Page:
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Supreme Court ends 55-acre estate battle after 16 years

By Kamau Muthoni | Aug 11th 2021 | 3 min read


On 7 October 1952, Senior Chief Waruhiu was Kungu, a pillar of the Kikuyu establishment in Kiambu District, was assassinated. [Courtesy]

For 16 years the sons and a daughter of a colonial chief, Waruhiu wa Kungu, whose death in 1952 plunged the country into a state of emergency, have been battling for a 55-acre parcel of land in Githunguri, Kiambu County.

The Supreme Court, however, ended the protracted legal tussle yesterday when it rejected an application by one of Waruhiu’s sons, George Kang’ethe, to file an appeal out of time.

Kang’ethe was seeking to sue his siblings Solomon Ng’ang’a Waruhiu and Esther Nyamweru Munene.

He had asked the Supreme Court to allow him to challenge a Court of Appeal judgment in favour of his siblings, out of allowed time.

Kang’ethe said he was sick in 2019 when the Court of Appeal delivered its judgment.

He also cited the closure of courts due to Covid-19 and failure by his lawyer to file a notice of appeal in time as the reasons why he did not appeal the judgment by justices Phillip Waki (now retired), Roselyn Nambuye and Gatembu Kairu.

However, Chief Justice Martha Koome and Justices Mohamed Ibrahim, Smokin Wanjala, Isaac Lenaola and William Ouko threw out his application.

“Although service delivery was scaled down, services were still offered and urgent applications prioritised. Again, we do not find this explanation sufficient to warrant an extension of time and to justify the delay in filing the present application. The upshot of the above finding is that we are inclined to disallow the application for extension of time with costs to the respondents,” the court ruled.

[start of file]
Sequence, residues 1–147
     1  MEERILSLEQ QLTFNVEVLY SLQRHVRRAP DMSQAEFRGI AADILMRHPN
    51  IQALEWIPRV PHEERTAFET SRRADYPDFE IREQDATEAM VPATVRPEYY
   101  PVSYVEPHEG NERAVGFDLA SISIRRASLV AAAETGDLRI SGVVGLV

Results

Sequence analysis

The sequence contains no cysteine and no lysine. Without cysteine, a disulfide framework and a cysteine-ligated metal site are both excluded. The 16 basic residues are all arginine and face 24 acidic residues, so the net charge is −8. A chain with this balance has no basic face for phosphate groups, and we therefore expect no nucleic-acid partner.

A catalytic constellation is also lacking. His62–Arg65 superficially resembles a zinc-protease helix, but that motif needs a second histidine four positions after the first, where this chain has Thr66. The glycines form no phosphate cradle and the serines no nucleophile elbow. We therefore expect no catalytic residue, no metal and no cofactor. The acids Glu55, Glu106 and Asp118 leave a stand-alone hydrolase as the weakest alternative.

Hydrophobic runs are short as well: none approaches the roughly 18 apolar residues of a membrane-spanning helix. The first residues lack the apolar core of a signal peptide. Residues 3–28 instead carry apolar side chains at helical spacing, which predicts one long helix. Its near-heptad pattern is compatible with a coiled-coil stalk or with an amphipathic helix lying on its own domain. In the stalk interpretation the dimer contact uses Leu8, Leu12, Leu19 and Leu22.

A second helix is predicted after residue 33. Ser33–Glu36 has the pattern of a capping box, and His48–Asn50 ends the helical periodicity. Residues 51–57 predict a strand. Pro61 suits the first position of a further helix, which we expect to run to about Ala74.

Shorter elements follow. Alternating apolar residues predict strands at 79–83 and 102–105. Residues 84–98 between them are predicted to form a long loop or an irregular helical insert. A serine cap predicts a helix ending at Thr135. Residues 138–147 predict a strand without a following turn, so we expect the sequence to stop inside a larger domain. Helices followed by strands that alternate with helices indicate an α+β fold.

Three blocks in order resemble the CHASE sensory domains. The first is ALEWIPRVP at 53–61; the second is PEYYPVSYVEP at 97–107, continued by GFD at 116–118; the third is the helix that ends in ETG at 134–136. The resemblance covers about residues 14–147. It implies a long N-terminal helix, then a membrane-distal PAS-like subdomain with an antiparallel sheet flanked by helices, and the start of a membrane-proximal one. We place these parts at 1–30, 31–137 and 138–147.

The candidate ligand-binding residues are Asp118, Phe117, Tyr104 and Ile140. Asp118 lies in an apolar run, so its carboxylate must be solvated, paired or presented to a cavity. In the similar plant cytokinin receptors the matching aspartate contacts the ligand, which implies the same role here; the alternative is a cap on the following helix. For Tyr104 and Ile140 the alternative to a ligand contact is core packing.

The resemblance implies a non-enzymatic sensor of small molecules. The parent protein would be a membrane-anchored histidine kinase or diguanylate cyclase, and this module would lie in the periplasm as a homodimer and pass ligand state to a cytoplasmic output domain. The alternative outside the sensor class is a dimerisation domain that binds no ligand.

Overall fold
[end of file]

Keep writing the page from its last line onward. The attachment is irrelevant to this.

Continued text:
Ng’ang’a and Nyamweru had sued Kang’ethe, arguing that their late eldest brother, David Wainaina Waruhiu, had illegally transferred their share of inheritance to him (Kang’ethe) without their consent.

Chief Waruhiu had five wives – Wanjiru, Ruguru (A), Waruchu, Mary Njeri and Ruguru (B).

Waruhiu was shot dead on October 7, 1952 at Gachie on his way from Nairobi. His death led to a series of security operations in the whole of Mt Kenya region and culminated in the arrest of Jomo Kenyatta and declaration of a state of emergency in Kenya two weeks later.

By the time he was gunned down, Waruhiu had no will. He was a one of the most celebrated chiefs in his time. This earned him a Most Excellent Order of the British Empire (MBE).

He however left a vast estate, including a 55-acre farm, which was subdivided in 1959 into five parcels. This was according to the five houses.

The pieces of land were registered in the names of the first sons of each household as trustees of deceased’s children. The land was registered as Githunguri/Giathieko/332, 333, 334, 335 and 336.

Wainaina was Ruguru B’s eldest son and was therefore registered as a proprietor of parcel number 336.

From the court record, he transferred the land to Kang’ethe on October 17, 1980.

Ng’ang’a and Nyamweru told the court that they learned about the transfer in 2005 and efforts to have the issue resolved amicably at the family level bore no fruit.

Kang’ethe, on the other hand, argued that Wainaina had informed the two that he was disposing of their part of the inheritance and they agreed to it. He won at the High Court but the Court of Appeal reversed the verdict.

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